This time Blamire and his gang take on the old dark-house style of film from the 1930’s. These had their elements as well. All of them can be found in the film: eclectic group of strangers converge on an old mansion for a will reading or by cryptic invitation. The raging thunderstorm that takes out the road/bridge so everyone has to spend the night. There’s always an anniversary of something really bad. There’s the ace reporter trying to get a scoop. The house usually comes equipped with paintings that have cut-out eyes for spying, secret passages, a bookcase trap door, and endless mazes of hallways for all kinds of mayhem to occur. This film hits every single one of those devices and even adds a few for good measure. The cast is nearly identical to the Lost Skeleton films, with a few rather notable additions. Comic character actor Marvin Kaplan has a cameo as the disembodied head of the spirit Gunny. From All In The Family (Irene) and Laverne And Shirley (Edna) is Betty Garrett as a little old lady who kind of just pops up from time to time. Jim Beaver, Bobby from Supernatural. James Karen has been a guest star on almost every television show made since the 1960’s. Finally, Bob Burns, who is known to fans as the guy in the gorilla suit reprises that role here. I’ve hung out with Bob and his wife a few times. No one knows more about King Kong than Bob.
The film is actually available in both black & white and a “newly colorized” version. I watched it in black & white for the atmosphere. And the fact I didn’t know the color version was there until the bonus features. Now you know. The atmosphere is often dead on. The film is stolen by Daniel Roebuck as the ace reporter and Dan Conroy as the cab driver and comic relief for the movie. The style never strays far from the Lost Skeleton conventions and style, even if the genre isn’t quite the same. You still get he deliberate, I hope, bad acting and over-the-top antics. The skull itself even makes a non-speaking cameo, if you keep your eyes open for it.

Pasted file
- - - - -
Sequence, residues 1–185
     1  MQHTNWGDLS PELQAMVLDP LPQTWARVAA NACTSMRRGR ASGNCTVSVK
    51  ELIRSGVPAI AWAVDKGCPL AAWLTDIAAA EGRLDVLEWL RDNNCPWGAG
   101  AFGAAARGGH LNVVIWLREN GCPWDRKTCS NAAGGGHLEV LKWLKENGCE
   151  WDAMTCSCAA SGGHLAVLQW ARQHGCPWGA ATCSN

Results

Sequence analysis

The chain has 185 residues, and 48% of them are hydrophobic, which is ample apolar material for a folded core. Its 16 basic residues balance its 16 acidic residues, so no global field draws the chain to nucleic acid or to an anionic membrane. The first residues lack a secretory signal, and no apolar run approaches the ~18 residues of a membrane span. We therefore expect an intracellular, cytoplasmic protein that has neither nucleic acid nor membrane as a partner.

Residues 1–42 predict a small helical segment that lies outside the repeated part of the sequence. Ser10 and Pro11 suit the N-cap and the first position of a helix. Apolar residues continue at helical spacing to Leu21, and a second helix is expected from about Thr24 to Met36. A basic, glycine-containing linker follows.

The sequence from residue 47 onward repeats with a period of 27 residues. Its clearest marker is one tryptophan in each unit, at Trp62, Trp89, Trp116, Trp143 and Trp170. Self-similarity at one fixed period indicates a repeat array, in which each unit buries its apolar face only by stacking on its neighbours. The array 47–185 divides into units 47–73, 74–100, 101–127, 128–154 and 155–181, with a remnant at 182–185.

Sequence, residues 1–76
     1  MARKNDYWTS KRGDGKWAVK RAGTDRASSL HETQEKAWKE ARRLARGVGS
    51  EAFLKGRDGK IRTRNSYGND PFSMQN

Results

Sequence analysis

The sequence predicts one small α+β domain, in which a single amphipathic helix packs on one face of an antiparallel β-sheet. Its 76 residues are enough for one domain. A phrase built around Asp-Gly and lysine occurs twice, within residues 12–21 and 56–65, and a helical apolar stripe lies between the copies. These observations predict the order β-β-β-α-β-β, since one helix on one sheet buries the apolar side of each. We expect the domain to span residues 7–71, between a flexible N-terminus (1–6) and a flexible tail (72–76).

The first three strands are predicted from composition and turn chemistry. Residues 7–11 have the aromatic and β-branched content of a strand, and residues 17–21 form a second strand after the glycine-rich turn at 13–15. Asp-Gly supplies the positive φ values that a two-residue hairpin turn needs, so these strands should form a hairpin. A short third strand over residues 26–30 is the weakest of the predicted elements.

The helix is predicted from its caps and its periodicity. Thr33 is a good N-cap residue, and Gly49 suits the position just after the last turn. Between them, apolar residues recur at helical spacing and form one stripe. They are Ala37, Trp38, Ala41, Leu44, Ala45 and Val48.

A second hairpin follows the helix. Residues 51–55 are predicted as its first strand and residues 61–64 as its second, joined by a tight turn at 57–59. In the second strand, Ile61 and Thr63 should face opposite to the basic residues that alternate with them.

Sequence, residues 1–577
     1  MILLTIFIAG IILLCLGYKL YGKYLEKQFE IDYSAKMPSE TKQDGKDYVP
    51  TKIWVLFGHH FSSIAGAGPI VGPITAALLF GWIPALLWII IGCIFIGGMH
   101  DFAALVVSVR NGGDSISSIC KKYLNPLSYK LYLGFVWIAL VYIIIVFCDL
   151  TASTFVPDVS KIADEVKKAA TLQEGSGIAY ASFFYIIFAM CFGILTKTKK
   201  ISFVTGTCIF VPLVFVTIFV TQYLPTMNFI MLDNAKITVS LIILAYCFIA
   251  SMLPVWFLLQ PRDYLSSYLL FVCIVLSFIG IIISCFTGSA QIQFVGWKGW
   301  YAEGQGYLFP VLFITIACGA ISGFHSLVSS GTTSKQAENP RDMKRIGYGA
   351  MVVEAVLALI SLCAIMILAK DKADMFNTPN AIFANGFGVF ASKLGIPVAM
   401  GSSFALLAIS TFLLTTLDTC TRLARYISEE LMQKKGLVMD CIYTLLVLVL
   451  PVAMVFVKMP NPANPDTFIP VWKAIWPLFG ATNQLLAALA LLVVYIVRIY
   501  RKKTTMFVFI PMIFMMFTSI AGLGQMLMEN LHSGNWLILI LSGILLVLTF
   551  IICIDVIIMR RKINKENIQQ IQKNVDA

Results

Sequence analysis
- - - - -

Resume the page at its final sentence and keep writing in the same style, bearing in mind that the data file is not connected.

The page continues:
Both films are presented in its original aspect ratios. The prints look fine for what they are. Remember that they are trying to spoof a particular look and budget level, so image presentation isn’t really the issue here. Both films are in black & white, with a color midsection for Skeleton and an alternate color version of Dark.
The Dolby Digital 2.0 is not really anything to write home about. You can hear everything and the dialog works just fine.
There is an Audio Commentary with the cast and crew that is as silly as the film itself. Entertaining, to be sure.
Each film comes with a gag reel and behind the scenes feature which is mostly Blamire with antics from the rest of the cast and crew.
This is all in good fun and the type of thing you might expect to see Bruce Campbell attached to. In fact it would be pretty cool to see him with these oddball characters. Everyone is having loads of fun. The films really do work as good spoofs of the particular genres. You have to consider this candy and just enjoy it. “Keep in mind that you can eat pretty much anything you find here, so, go have fun.”